Twins Carys and Andreus were never destined to rule Eden. With their older brother next in line to inherit the throne, the future of the kingdom was secure.
But appearances—and rivals—can be deceiving. When Eden’s king and crown prince are killed by assassins, Eden desperately needs a monarch, but the line of succession is no longer clear. With a ruling council scheming to gain power, Carys and Andreus are faced with only one option—to take part in a Trial of Succession that will determine which one of them is worthy of ruling the kingdom.
As sister and brother, Carys and Andreus have always kept each other safe—from their secrets, from the court, and from the monsters lurking in the mountains beyond the kingdom’s wall. But the Trial of Succession will test the bonds of trust and family.
With their country and their hearts divided, Carys and Andreus will discover exactly what each will do to win the crown. How long before suspicion takes hold and the thirst for power leads to the ultimate betrayal? (source: Goodreads)
I received an ARC of Dividing Eden from HarperCollins in exchange for an honest opinion.
As the book was released this month, this review will not contain spoilers
I quite enjoyed this book! There were a few things that I will get into that I wasn’t the biggest fan of, but overall, I enjoyed the story and there were plenty of aspects that I really liked!
First of all, the things I did enjoy. I really liked some of the characters in this story. Right from the start I loved Larkin and I wish the story dove a bit further into her character! I wanted to know more about her every time she quickly appeared and then left. I also liked Carys as one of the main characters, her development throughout the novel was really interesting to read, because just like the reader, Carys was trying to discover what she could tell was wrong. She was observant and took action to investigate the things that she knew were going to cause issues, and I really admired that about her. She accepted the things about herself that she realized was a problem, and her character came off as realistic and flawed, which is really refreshing to see in a fantasy novel. She was also cunning and smart, something that separated her from the traits of her brother, as he was often caught up in the rumours, whereas Carys was able to think logically about potential threats.
I also really appreciated that there was not an abundance of characters. Charbonneau kept the character list short, focusing on the characters that truly mattered to the story. I’m the kind of person that gets confused when reading about a ton of side characters that I can’t keep straight, so I’m really glad that Dividing Eden did not do that.
As well, I loved all the twists in the story! I’m a sucker for plot twists, and this book is definitely full of them. I also really appreciated that a lot of them were unexpected! It’s always frustrating to read a book and be able to predict all the twists, but this was definitely not the case with Dividing Eden. Every time I felt I saw something coming, something else was added to the conflict that totally threw me off what I was anticipating. Many of these twists had me immediately reach to my phone to text a friend about how excited and thrown off I was!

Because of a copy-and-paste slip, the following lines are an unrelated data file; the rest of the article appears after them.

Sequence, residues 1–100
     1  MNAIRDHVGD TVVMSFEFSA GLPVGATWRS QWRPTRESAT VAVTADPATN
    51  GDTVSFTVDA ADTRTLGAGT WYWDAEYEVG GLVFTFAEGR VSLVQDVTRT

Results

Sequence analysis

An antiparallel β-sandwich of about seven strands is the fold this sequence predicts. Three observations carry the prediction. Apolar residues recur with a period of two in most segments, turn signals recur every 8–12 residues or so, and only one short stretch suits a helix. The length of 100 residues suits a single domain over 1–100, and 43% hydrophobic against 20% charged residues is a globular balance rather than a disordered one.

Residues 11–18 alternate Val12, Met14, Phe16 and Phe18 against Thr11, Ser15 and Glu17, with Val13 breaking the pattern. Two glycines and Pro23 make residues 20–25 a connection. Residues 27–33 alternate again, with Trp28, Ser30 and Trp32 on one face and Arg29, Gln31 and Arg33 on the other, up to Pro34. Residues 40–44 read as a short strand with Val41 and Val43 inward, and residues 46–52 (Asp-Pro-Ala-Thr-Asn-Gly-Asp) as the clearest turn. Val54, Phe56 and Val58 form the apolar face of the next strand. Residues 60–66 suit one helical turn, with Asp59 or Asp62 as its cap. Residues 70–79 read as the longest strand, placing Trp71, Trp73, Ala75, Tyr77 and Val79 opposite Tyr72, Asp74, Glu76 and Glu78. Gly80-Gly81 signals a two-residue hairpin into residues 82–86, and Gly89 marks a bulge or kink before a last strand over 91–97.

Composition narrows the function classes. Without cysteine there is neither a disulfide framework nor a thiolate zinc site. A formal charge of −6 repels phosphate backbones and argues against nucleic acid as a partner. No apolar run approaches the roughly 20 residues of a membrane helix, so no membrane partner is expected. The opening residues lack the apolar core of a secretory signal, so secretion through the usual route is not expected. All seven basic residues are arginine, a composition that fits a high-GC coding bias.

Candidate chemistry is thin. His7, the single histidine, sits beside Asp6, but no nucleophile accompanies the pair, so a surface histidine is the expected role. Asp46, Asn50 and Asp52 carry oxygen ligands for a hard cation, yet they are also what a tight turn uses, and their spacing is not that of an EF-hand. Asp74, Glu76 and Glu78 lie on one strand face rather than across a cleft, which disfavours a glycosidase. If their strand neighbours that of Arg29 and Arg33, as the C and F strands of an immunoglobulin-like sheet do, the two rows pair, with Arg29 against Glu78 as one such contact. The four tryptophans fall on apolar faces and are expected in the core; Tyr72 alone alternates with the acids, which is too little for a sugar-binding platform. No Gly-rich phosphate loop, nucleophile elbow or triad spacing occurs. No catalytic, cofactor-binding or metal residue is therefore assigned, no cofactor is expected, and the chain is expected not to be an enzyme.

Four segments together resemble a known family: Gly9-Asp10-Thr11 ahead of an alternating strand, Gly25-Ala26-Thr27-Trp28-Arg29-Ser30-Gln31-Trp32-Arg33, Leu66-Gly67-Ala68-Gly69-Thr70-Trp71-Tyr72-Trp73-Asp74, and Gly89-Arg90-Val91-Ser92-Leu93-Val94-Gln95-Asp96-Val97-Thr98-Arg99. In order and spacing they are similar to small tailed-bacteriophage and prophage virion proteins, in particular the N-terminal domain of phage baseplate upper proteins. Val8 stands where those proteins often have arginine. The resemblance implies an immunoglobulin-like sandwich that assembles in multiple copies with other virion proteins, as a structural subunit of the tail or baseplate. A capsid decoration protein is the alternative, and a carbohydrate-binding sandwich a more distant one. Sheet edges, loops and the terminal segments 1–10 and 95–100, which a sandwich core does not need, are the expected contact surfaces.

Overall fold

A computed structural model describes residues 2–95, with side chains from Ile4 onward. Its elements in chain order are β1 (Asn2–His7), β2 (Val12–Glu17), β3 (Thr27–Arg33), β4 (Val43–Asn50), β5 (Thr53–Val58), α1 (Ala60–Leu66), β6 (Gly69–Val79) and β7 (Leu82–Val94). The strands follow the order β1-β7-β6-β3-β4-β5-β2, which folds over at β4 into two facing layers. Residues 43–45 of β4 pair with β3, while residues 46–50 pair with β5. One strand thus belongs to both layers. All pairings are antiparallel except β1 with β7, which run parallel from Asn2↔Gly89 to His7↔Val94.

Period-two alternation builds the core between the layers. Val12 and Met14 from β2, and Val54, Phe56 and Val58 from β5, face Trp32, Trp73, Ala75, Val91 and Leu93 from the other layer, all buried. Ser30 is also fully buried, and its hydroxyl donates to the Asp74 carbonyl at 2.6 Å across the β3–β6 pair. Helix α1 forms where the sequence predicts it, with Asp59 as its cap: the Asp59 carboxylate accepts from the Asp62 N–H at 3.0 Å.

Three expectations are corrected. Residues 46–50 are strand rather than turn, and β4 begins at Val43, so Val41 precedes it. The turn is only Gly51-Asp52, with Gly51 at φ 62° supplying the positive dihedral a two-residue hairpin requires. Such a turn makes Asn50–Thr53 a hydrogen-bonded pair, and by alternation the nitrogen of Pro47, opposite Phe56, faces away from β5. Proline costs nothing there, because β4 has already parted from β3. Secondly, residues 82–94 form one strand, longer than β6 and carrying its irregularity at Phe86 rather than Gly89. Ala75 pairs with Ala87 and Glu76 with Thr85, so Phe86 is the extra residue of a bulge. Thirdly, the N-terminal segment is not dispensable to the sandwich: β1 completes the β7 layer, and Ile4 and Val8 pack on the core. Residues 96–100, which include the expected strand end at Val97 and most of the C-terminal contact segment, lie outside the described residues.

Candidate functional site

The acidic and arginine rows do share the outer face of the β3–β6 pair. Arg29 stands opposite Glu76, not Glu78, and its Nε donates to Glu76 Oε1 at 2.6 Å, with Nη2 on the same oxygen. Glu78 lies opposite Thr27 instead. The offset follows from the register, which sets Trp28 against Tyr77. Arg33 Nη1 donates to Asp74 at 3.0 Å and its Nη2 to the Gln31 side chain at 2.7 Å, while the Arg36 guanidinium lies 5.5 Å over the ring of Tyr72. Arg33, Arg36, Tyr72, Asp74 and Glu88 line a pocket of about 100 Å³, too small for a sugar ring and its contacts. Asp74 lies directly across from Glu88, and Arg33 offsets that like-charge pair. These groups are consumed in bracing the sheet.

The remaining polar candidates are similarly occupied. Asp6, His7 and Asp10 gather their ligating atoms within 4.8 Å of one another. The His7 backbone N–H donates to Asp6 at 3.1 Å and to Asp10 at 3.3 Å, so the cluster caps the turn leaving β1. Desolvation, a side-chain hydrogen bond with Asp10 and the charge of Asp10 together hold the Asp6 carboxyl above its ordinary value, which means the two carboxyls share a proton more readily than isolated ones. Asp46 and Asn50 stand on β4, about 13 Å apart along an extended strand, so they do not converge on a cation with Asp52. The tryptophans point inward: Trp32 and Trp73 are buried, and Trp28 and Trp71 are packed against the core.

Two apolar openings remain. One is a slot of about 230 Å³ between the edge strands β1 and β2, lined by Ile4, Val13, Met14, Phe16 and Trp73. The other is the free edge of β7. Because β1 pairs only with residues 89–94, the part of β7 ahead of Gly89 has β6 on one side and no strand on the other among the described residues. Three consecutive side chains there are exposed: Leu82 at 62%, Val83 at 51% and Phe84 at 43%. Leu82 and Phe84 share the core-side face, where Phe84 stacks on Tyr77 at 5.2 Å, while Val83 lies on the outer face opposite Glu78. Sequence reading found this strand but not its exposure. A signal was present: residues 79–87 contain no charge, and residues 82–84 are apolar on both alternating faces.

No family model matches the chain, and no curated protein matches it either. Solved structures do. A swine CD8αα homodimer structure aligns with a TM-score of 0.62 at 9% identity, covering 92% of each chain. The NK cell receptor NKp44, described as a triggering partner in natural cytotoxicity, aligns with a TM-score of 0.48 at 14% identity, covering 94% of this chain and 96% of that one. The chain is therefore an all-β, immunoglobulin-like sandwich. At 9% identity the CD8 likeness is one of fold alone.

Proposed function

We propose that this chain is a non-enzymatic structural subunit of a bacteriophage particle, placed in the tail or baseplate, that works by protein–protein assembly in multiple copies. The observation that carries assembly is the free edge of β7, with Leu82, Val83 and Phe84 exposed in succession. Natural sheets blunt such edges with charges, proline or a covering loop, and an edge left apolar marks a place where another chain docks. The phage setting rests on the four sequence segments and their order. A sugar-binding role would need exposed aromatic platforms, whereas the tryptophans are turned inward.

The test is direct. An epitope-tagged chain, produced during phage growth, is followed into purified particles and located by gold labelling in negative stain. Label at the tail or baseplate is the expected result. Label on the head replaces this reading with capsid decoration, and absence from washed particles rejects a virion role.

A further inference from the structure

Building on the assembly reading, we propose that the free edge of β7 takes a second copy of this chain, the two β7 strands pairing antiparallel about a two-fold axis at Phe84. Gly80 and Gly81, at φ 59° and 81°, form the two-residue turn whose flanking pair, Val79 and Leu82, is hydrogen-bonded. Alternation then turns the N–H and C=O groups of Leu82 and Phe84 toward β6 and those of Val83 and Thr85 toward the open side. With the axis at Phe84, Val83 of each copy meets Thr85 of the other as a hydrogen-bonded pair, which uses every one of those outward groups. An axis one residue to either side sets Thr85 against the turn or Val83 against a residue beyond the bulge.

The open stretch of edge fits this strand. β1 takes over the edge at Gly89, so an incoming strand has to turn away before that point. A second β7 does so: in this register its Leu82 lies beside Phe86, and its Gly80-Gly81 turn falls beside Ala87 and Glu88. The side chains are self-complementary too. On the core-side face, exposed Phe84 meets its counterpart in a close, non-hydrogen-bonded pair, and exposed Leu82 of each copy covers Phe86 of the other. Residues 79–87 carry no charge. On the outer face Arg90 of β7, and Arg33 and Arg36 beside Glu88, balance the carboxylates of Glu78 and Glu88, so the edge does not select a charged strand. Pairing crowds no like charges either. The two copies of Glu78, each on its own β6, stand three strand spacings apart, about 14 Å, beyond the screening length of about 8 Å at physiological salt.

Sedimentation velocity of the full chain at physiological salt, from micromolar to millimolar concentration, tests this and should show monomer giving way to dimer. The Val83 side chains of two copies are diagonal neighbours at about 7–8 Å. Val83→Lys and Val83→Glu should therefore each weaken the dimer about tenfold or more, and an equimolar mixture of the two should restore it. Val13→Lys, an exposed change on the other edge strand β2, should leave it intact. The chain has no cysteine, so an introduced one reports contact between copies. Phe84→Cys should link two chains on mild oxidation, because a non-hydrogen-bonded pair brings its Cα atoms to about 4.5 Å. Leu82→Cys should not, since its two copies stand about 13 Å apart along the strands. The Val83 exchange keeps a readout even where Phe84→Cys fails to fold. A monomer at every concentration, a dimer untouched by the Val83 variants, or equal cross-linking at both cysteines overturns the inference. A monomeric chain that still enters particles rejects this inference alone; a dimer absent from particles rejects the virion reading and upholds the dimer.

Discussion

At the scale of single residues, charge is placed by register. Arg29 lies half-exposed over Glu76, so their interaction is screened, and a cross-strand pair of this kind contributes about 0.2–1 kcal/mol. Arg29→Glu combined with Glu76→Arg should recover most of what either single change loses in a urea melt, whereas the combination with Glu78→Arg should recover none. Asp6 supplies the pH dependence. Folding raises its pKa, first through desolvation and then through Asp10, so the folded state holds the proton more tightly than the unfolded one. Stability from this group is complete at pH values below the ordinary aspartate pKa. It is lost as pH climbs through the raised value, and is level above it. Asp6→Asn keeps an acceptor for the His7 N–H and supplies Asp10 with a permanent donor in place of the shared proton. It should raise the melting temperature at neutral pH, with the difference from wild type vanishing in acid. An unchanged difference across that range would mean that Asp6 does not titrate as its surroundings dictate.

As for the things I didn’t quite enjoy about this book, I wanted to first say that I think Dividing Eden could have really benefited by having a map. I’m not the type of reader that will constantly refer back to a map when a book has one, but I think I would have if this book had one. There were certain times, especially in the beginning, where I found myself confused on whereabouts of characters, and whenever movement was described, I had wished I had a bit of context on where they were going as well as how far it was from where they were.
I also wish there was just a bit more description of the general area of the city, as well as the Xhelozi and Adderton. I felt I never really had an idea of what the castle was meant to look like, and I really only noticed the descriptions that the reader was given being focused on the walls. With the Xhelozi and Adderton, I never truly understood what was going on with them. It wasn’t until the last couple of pages that the Xhelozi are described, and the war with Adderton is mentioned, but the origins were never fully explained. Some other things I wish had a bit more description and explanation were the orb, the curse, the windmills and how they came to be so important, and especially Andreus’ “attacks”. (What were they? What happened when they occurred? What were they caused by?) Those were a few things I noticed that I kept waiting to get some more explanation of in the book.
Overall, I was very pleased with this book. The first 120ish pages were a little slow, but once the trials began I was hooked, and I sped through the last 200 pages at a speed I don’t normally read at! I think Joelle Charbonneau’s writing style was really addicting and I kept wanting to pick the book back up to keep reading. The ending was really satisfying and left me wanting more!
Can’t wait to see where this series goes.